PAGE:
The Doolittle Raid: A Precious Legacy
Secretary of the Air Force Michael Donley
Remarks at the 68th Doolittle Raiders reunion dinner, National Museum of the U.S. Air Force, Wright-Patterson Air Force Base, Ohio, April 16, 2010
My personal knowledge of the Doolittle Raid or the men who made it successful will likely never match that of tonight's audience. We are blessed to have several of the Raiders with us tonight, and many of their family and friends who have first-hand knowledge of that raid on Tokyo and the men who were involved. Dick Cole, Tom Griffin, Bob Hite and David Thatcher - thanks to you and the families who supported you then and today - for what you did this week 68 years ago, for what you've done with your lives since, and for being here tonight. And, thank you to the people in the audience who have done an incredible job of researching and telling the Raiders' story, like retired Col. Carroll Glines. We appreciate all of your efforts to keep this important legacy alive for our Air Force.
Given the expertise in this room, I already have a feeling that come Monday, my in-box will be full of corrections and clarifications on the history of this amazing raid. So tonight, I'll try to spend less time recreating the tremendous story of a group of men whom I consider giants, and maybe some more time discussing tonight the lessons learned from the raid that continue to serve us today.
To review the history of war is, unfortunately, to review the history of mankind. In these stories, we see our very best, and at the same time the very worst of our species. Most stories are a tribute to heroic effort, where ordinary people faced extraordinary circumstances, and where the outcome is to a nation, victory or defeat; and to a person, life or death. And, although I said I wouldn't recreate the entire raid, we do need to recount its context.
Before the Japanese attacked Pearl Harbor, the U.S. involvement in World War II was one of economic assistance. At 7:55 a.m. on Sunday the 7th of December, 1941, our role changed when waves of Japanese aircraft crippled our naval forces in Hawaii. The nation, at first in shock, and then angered, listened as President Roosevelt announced to the American people and the world that the U.S. was now at war. And as many of our ships lay burning in the water, he immediately asked his military advisers what could be done to strike back.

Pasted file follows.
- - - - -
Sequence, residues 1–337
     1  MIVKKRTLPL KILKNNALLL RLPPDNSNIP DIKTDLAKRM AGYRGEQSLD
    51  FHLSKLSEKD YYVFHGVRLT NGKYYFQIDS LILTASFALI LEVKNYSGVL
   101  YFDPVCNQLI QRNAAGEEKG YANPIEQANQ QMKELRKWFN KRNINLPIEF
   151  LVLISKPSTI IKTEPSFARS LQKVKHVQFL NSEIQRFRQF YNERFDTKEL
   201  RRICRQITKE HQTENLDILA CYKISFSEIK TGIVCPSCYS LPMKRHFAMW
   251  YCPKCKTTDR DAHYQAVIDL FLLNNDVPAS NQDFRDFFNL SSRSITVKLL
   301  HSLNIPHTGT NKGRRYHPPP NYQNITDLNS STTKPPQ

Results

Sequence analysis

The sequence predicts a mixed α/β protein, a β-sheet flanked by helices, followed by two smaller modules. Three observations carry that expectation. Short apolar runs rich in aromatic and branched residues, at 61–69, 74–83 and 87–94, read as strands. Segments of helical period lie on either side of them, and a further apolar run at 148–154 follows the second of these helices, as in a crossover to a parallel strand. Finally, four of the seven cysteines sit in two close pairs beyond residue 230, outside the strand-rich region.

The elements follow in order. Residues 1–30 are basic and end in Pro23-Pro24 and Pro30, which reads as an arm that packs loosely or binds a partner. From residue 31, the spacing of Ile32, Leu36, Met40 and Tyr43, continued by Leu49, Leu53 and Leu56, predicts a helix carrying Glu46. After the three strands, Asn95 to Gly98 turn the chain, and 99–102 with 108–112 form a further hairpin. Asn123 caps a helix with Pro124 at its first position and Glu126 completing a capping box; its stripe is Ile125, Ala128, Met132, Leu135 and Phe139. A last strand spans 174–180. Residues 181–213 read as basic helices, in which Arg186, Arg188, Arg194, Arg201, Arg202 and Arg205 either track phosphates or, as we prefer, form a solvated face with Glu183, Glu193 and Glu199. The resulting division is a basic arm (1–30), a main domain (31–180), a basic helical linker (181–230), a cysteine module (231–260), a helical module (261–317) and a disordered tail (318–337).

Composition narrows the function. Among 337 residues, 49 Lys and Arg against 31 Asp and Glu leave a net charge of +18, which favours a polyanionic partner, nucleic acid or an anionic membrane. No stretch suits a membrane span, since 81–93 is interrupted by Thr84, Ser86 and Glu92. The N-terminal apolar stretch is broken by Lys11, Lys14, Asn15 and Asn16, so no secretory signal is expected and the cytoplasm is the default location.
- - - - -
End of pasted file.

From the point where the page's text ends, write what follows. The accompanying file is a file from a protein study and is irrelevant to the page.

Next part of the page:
Nearly 60 years later we would relearn that the United States is not beyond the reach of those who wish us harm. At 8:46 a.m. on Tuesday the 11th of September, 2001, the Twin Towers of the World Trade Center in New York City were struck by the first of four commercial airliners hijacked by Al-Qaeda terrorists. President George Bush at the time also announced war - a Global War on Terrorism this time - and leaned on his military advisers for immediate options to strike back at the terrorists.
Although differences between the two moments in history are many, the strategic surprise and impact of a strike against Americans on our own soil are the same. Buffered from Asia and Europe by oceans on each side, the United States in both cases had grown comfortable that many of the dangers in other continents would not reach our shores. This, of course, was not the case. However, in both instances the attackers would face a capable and willing society unified in its defense, and seeking retribution against those who dared to threaten our security. Although we've seemingly forgotten some of the lessons learned from this mission, there are many more which we have been embracing solidly, like the value of information operations on the psychology of a population.
When preparing for this mission Jimmy Doolittle wrote a message to Hap Arnold explaining:
"it is anticipated that this [the Tokyo raid] will not only cause confusion and impede production but will undoubtedly facilitate operations against Japan in other theaters due to their probable withdrawal of troops for the purpose of defending the home country. An action of this kind is most desirable now due to the psychological effect on the American public, our allies and our enemies."